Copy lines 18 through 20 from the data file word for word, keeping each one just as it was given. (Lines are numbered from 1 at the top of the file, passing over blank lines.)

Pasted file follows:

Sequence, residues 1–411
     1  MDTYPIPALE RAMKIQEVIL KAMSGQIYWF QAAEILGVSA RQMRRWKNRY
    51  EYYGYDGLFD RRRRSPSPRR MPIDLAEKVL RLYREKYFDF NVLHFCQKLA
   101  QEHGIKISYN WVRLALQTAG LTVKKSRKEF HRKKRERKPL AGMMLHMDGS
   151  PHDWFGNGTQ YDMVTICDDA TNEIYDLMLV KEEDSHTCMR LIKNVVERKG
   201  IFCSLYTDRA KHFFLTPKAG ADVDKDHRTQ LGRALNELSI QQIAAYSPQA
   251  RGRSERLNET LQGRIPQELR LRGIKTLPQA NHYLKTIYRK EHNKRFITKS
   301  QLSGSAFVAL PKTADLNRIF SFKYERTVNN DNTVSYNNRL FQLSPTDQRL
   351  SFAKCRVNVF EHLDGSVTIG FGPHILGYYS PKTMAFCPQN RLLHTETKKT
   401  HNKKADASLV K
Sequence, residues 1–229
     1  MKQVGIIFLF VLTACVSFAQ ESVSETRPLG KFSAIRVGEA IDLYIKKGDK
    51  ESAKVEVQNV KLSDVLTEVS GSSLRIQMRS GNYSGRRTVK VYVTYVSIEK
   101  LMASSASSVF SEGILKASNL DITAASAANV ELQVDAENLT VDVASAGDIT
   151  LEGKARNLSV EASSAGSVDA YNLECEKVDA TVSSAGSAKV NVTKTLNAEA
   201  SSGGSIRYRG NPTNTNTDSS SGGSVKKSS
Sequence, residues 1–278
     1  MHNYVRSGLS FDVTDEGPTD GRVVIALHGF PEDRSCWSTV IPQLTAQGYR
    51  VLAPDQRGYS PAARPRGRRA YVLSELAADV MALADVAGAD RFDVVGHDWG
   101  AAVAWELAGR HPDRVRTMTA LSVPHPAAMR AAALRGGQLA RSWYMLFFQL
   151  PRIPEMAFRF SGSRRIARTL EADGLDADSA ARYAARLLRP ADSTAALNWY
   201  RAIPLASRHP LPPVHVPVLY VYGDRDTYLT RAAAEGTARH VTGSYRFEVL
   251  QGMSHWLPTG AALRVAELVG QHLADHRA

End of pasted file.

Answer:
     1  MHNYVRSGLS FDVTDEGPTD GRVVIALHGF PEDRSCWSTV IPQLTAQGYR
    51  VLAPDQRGYS PAARPRGRRA YVLSELAADV MALADVAGAD RFDVVGHDWG
   101  AAVAWELAGR HPDRVRTMTA LSVPHPAAMR AAALRGGQLA RSWYMLFFQL